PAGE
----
John Kerry's early words

2013-08-27 10:54
Secretary of State John Kerry at the UN Security Council New York.

Secretary of State John Kerry at the UN Security Council New York. (AFP)

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On Monday US Secretary of State John Kerry delivered remarks about the escalating (hard to imagine it can escalate at this stage, but it may just have) situation in Syria, which is evolving from civil war to worse civil war.
Kerry's remarks centred around recent reports showing chemical weapons may have been used, which the US government made clear last year was a "red line". US President Barack Obama said during a White House briefing in August 2012: "We have been very clear to the Assad regime, but also to other players on the ground, that a red line for us is we start seeing a whole bunch of chemical weapons moving around or being utilised. That would change my calculus… We have put together a range of contingency plans."
That "calculus" of which the president spoke has been mightily tested in the intervening months. The latest reports of chemical weapons use culminated in footage spread across mainstream international media. And the footage looks absolutely horrific.

Couching criticisms

UN investigators, in spite of difficulties in entering the site of the attack, are there now. And although they were shot at by snipers earlier on Monday, are scheduled to return to the area.

While this investigation is under way, most international leaders are couching their criticisms in careful language, such as UN Secretary general Ban Ki-moon who said, "if proven, any use of chemical weapons by anyone under any circumstances is a serious violation of international law and an outrageous crime.” German Chancellor Angela Merkel's spokesman said, "The suspected large-scale use of poison gas breaks a taboo even in this Syrian conflict that has been so full of cruelty."
France and Britain, however, have accused the Syrian government of using chemical weapons since early June.
Kerry's speech contained the strongest language to come out of the US thus far, and seemed primed for a conclusion lashing the Syrian government. Although Kerry said "we will provide … information in the days ahead," there is still no proof of precisely what happened - and again, UN inspectors are there at the moment - which is why it was surprising to hear him say, "Anyone who can claim that an attack of this staggering scale could be contrived or fabricated needs to check their conscience and their own moral compass."
He added [emphasis mine]: "What is before us today is real, and it is compelling. So I also want to underscore that while investigators are gathering additional evidence on the ground, our understanding of what has already happened in Syria is grounded in facts informed by conscience and guided by common sense. The reported number of victims, the reported symptoms of those who were killed or injured, the firsthand accounts from humanitarian organisations on the ground like Doctors Without Borders and the Syria Human Rights Commission - these all strongly indicate that everything these images are already screaming at us is real, that chemical weapons were used in Syria."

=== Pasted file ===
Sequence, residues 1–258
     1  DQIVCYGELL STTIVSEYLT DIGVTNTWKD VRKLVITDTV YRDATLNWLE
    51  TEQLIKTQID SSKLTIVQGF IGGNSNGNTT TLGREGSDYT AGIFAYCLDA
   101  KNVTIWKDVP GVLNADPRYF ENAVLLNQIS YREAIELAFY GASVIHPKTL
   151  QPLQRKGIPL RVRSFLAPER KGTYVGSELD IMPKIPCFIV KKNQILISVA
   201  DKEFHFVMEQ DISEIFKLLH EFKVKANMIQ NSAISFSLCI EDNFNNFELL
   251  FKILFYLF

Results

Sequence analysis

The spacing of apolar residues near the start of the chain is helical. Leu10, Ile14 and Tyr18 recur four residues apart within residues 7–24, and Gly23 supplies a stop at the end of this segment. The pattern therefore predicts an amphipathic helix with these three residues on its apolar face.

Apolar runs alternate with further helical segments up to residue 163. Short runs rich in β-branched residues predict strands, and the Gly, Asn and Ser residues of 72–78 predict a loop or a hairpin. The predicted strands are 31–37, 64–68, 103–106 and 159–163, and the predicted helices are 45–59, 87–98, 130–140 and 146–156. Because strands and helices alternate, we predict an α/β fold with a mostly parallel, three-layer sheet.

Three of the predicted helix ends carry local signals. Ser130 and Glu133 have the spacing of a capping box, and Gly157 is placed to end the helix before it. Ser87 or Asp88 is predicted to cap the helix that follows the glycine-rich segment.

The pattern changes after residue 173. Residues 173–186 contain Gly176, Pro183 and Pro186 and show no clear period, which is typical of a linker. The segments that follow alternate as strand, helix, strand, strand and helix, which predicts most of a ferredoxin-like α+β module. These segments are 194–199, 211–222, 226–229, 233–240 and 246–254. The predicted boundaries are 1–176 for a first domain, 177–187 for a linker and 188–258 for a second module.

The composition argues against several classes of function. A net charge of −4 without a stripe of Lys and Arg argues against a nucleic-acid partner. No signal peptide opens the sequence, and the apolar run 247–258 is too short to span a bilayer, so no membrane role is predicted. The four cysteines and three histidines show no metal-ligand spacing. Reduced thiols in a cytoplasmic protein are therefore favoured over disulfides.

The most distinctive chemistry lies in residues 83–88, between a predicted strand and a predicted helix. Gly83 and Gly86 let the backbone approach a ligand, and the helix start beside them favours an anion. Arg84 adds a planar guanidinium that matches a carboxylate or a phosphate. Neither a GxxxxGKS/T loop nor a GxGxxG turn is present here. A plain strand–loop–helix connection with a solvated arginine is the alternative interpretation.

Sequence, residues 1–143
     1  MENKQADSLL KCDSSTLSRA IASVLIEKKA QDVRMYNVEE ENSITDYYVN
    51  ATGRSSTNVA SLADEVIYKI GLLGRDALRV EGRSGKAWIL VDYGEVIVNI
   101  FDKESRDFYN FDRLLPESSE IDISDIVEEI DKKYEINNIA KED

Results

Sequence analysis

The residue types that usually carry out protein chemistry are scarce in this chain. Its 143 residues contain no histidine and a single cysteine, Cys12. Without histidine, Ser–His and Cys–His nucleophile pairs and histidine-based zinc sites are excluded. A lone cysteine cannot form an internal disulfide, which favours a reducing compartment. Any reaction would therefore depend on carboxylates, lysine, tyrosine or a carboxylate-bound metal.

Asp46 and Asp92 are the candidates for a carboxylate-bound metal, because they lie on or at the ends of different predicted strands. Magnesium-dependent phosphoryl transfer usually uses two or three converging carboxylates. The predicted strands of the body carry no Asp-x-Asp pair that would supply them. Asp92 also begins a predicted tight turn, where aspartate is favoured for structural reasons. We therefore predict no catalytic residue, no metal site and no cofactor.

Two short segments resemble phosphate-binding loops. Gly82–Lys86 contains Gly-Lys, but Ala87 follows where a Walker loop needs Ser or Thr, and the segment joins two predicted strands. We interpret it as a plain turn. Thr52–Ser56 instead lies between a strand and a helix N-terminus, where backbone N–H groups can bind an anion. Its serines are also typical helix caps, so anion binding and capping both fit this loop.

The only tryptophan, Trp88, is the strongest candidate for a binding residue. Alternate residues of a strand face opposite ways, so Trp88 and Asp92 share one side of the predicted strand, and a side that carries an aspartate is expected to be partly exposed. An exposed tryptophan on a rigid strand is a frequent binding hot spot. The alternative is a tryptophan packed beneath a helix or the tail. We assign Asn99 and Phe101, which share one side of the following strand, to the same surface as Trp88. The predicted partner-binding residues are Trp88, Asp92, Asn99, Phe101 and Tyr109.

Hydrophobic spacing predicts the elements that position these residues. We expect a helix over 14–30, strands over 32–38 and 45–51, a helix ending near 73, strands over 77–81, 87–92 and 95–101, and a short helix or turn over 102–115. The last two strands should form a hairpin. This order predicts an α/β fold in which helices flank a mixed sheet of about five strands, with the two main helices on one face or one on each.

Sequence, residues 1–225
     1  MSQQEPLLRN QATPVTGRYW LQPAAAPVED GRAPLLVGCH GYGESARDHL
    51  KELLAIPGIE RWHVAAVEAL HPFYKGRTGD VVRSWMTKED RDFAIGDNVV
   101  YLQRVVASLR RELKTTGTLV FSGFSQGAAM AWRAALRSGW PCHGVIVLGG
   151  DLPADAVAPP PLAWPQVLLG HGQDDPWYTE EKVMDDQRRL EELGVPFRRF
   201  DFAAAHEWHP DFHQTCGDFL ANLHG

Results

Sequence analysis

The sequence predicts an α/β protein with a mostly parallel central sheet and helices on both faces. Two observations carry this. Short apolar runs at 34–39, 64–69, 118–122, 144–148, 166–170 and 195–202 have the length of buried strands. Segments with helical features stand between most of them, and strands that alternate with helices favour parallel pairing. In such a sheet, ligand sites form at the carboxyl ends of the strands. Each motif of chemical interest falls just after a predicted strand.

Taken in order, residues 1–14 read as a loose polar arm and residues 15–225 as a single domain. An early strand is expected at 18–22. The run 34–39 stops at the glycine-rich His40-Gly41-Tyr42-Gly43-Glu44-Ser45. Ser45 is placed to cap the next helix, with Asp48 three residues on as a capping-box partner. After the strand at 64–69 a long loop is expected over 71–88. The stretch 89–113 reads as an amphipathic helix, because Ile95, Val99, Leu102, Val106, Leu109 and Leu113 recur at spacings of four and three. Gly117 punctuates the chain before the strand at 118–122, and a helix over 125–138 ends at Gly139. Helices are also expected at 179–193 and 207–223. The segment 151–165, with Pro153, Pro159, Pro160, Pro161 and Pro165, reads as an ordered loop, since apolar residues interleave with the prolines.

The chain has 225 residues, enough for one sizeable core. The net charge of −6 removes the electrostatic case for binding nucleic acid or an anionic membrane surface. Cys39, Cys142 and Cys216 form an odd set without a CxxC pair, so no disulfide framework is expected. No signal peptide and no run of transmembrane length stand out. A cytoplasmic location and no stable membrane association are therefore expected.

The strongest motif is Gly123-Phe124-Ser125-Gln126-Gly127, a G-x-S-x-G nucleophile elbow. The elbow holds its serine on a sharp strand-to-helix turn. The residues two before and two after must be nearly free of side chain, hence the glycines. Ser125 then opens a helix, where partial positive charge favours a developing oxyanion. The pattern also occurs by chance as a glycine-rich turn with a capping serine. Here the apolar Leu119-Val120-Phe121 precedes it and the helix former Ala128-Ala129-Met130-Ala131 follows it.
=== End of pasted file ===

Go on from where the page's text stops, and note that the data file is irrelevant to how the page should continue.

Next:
The two highlighted phrases seem contradictory; one can't really say something is real, and then claim two sentences later that it is strongly indicated. And this exposes the weakness of the current argument put forward by Kerry: there is no proof of precisely what happened. It is plausible that the Syrian government did use chemical weapons against rebel forces, but there are other scenarios that are also possible, however improbable.

Difficult to investigate

There is no consensus about the degree of confidence anyone can have the attacks were real (a range of opinions can be found in international media. Some experts say chemical attacks are likely. Some claim the effects are from rudimentary devices unlike the sophisticated arsenal the Syrian government is known to have (ie what the rebels can manufacture). Some say it is likely these are chemical weapons.) Kerry can posture all he likes, but inconclusiveness remains, despite how much conscience and moral-compass checking he might like us to undertake.
The Syrian government has made it difficult for the UN to investigate the incident, only allowing them in five days after the suspected attack, but this in itself is not an admission of guilt. (Indeed Kerry said, "That is not the action of a regime eager to prove to the world that it had not used chemical weapons.

In fact, the regime's belated decision to allow access is too late, and it’s too late to be credible.") Decisions like becoming involved in another country’s conflict needs to be taken with certainty in mind. The deep shadow of the war in Iraq - where "evidence" to enter the country was found to be hogwash - has not yet receded in the mind of the American (or the world's) population.

'Must be accountability'
And in fact it is the American population that is likely going to stifle any sort of all-out war in Syria: a Reuters/IPSOS poll released on Saturday showed 60% of Americans think their country should not intervene, chemical weapons or not. This also means that any resolution Congress may take will be unlikely to result in active participation, which means Kerry and the Obama administration need to look at their options outside that.
What those options might be remain pure conjecture, but Kerry eerily ended off his remarks today saying, "President Obama believes there must be accountability… Nothing today is more serious and nothing is receiving more serious scrutiny."
While the UN investigators are there.  

Read more on:    un  |  john kerry  |  barack obama  |  ban ki-moon  |  syria  |  us  |  syria conflict

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